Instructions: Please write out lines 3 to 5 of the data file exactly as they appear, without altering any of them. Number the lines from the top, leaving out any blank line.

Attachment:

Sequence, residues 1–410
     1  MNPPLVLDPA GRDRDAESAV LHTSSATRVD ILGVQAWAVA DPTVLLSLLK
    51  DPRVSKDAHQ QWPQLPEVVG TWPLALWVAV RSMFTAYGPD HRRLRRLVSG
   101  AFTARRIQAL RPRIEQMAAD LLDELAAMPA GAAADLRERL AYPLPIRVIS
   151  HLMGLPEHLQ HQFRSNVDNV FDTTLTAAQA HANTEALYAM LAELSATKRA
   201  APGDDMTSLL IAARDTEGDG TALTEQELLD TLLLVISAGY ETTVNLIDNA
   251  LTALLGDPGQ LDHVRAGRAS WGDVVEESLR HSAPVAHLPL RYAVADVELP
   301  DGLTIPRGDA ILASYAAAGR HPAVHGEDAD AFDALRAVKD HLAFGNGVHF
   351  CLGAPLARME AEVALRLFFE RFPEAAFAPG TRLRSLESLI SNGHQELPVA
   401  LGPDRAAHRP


    51  DPRVSKDAHQ QWPQLPEVVG TWPLALWVAV RSMFTAYGPD HRRLRRLVSG
   101  AFTARRIQAL RPRIEQMAAD LLDELAAMPA GAAADLRERL AYPLPIRVIS
   151  HLMGLPEHLQ HQFRSNVDNV FDTTLTAAQA HANTEALYAM LAELSATKRA